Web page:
I’ve been away this week, hence the absence of blog posts (no internet connection – I know how did I cope?). I’ve been with the family up at my late Father’s house sorting furniture for our own house move next month (and more on this at a later date). This required that I hire a van to bring the stuff back.
I love driving vans, there’s something about being higher up than most other road users that I find quite compelling: you can see more of the world around you, and you get a better view of the traffic. This was not the case on the way there, however, as I drove through a huge thunderstorm coming over the Pennine Hills, but I was certainly glad to have the van as most car drivers had to stop, so fierce was the weather.
The journey back was a much more sedate affair and I really enjoyed driving along with Jake in the cab beside me. He was very excited to be there and on the way we had a few chats about a drawing of a pirate ship that I’d done for him earlier in the day (I needed to add a plank), and about what he was going to do when he got home (get his kite out), before he drifted off to sleep.
As my mind wandered a little I began to think about the reason I enjoy these road trips so much. When I was a boy my Dad had a job as a lorry driver, delivering oil and petrol around the North West of England and North Wales. Every now and again during the school holidays he would take me out in the lorry delivering to great places such as airports, factories, hospitals and hotels. These places also seemed huge and endlessly fascinating to an eight year old, especially as I got to see the parts of them that most people didn’t get to see: the boiler rooms, loading bays, and control towers. I thought that my Dad had the best job in the world.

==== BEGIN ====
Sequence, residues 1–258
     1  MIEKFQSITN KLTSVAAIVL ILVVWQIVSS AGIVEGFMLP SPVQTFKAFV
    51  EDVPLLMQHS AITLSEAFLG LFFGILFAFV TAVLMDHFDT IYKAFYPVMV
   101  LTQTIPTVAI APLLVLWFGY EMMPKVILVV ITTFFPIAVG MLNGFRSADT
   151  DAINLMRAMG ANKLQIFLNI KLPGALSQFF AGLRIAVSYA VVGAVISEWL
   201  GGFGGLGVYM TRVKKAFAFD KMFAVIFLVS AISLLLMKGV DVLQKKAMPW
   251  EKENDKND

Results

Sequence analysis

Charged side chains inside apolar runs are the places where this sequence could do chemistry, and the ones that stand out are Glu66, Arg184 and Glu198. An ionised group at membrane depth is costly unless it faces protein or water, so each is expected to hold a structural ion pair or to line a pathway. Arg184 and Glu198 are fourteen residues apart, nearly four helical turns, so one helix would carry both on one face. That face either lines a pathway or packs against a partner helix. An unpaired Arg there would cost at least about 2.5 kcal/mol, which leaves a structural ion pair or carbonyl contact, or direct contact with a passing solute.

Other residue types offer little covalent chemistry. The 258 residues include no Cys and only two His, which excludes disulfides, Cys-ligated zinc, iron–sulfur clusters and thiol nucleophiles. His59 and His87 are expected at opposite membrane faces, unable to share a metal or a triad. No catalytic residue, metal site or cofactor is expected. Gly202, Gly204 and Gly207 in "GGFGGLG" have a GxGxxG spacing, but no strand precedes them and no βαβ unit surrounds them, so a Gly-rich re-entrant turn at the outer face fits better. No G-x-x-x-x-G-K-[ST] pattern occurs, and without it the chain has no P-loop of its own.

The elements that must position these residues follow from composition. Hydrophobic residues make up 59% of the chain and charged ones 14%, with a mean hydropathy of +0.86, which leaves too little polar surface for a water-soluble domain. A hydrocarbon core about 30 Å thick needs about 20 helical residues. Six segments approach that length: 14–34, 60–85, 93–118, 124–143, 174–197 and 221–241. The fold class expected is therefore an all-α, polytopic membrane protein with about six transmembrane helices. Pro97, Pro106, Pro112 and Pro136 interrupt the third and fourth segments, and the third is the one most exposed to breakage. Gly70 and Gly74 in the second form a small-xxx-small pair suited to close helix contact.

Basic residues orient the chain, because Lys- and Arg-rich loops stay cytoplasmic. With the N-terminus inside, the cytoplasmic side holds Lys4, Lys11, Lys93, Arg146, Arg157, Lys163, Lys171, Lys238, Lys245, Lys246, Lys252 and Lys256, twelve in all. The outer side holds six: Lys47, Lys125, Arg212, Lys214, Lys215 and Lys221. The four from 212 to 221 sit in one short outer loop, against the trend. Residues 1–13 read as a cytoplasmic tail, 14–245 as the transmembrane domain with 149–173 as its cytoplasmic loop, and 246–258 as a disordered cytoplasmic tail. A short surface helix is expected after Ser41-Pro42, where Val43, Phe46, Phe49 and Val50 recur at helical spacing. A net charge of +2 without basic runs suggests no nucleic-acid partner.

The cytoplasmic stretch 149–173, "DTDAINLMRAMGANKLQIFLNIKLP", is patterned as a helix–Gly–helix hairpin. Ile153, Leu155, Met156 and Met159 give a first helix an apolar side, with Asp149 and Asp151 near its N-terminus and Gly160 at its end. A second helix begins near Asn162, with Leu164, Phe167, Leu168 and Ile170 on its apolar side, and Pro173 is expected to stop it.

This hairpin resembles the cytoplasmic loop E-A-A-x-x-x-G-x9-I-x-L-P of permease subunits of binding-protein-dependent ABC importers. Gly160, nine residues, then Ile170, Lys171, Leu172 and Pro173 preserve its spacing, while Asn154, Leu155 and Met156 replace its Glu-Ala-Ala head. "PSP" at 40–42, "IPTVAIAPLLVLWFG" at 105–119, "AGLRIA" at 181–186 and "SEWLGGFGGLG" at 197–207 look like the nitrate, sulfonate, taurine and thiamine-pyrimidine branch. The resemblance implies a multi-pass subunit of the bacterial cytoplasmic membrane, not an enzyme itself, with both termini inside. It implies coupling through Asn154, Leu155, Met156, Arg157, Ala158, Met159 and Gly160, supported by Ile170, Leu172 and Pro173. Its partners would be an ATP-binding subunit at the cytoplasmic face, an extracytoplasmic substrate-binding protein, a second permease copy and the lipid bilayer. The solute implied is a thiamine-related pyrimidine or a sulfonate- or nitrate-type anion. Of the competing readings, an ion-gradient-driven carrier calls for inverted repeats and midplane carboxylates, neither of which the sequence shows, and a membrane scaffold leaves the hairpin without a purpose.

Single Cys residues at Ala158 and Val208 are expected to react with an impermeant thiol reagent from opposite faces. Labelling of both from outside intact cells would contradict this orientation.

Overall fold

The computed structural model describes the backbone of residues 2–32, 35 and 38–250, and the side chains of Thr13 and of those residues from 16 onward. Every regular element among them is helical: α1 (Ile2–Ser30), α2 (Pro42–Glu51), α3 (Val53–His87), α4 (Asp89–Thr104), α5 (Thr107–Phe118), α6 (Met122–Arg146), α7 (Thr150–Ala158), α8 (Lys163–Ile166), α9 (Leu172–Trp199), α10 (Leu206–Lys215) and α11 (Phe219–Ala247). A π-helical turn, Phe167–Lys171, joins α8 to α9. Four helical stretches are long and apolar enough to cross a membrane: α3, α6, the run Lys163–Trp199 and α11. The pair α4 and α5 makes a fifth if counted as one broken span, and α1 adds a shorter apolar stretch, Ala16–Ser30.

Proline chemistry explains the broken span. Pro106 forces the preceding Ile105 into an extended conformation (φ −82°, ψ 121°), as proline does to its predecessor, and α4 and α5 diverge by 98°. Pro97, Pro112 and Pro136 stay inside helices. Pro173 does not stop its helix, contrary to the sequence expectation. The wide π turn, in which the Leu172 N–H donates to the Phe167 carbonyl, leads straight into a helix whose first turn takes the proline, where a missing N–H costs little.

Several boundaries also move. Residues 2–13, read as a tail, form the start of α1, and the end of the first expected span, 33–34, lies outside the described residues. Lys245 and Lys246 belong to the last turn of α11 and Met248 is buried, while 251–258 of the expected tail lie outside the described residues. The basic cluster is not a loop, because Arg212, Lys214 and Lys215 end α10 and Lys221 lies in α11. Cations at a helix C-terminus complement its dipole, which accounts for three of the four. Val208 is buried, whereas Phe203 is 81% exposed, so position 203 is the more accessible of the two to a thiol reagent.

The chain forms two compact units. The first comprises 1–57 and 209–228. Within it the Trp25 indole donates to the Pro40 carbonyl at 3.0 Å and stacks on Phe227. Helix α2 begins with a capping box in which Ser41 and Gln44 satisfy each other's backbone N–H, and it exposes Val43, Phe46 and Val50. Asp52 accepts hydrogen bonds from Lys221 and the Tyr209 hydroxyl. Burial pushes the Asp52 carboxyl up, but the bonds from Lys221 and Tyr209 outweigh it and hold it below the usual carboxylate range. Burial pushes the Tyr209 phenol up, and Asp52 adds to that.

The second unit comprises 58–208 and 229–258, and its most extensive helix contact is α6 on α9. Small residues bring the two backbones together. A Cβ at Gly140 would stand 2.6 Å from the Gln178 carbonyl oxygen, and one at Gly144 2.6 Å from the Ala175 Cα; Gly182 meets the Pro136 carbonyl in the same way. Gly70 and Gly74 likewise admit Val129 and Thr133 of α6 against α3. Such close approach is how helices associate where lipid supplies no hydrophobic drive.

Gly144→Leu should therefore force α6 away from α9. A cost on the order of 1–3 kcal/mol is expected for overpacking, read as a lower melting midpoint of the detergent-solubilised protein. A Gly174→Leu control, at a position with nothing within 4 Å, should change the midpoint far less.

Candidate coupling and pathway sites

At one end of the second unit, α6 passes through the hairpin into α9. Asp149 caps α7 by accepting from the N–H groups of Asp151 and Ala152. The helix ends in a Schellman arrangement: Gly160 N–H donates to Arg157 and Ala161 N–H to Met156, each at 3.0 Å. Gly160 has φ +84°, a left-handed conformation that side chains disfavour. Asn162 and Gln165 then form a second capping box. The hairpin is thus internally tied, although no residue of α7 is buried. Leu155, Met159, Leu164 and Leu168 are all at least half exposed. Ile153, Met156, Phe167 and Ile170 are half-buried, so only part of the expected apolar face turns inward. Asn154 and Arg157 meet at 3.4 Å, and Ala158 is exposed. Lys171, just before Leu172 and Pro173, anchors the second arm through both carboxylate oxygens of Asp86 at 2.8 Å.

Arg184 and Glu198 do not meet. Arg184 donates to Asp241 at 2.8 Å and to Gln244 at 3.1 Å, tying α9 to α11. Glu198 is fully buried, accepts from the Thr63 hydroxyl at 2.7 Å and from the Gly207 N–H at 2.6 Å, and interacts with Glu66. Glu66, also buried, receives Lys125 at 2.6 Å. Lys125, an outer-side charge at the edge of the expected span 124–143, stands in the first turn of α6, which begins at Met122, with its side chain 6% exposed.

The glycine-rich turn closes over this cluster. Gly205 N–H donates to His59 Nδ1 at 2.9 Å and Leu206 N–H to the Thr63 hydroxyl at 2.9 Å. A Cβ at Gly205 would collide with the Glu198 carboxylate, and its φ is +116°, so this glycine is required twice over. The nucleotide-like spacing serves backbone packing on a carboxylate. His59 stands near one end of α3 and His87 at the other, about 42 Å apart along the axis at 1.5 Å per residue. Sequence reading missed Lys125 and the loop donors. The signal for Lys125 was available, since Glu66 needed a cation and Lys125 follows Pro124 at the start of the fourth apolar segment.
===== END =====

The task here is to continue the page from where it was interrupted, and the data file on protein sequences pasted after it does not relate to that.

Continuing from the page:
But it was not the destinations that stayed in my mind the most, nor the great views over the hedgerows, not even the brilliant lorries that he used to drive (and I can close my eyes and still see the inside of many of the cabs). Rather it was the little adventures and encounters we had on the way, at transport cafes, with employees at the places he delivered to, and when we occasionally broke down – we once brought an entire town to a standstill. It was a glimpse into a completely different world, my Dad’s world, a grown up world, a world that seemed so alien and far away.
So I completely understood why Jake was so excited to come into the van with me today, and I hope that (before he went to sleep) he has taken some memories that will stay with him for many years to come. Let’s hope that there are many more trips that he and Sam will take with us that will leave their indelible mark on them, and help them to get to know more about the world around them.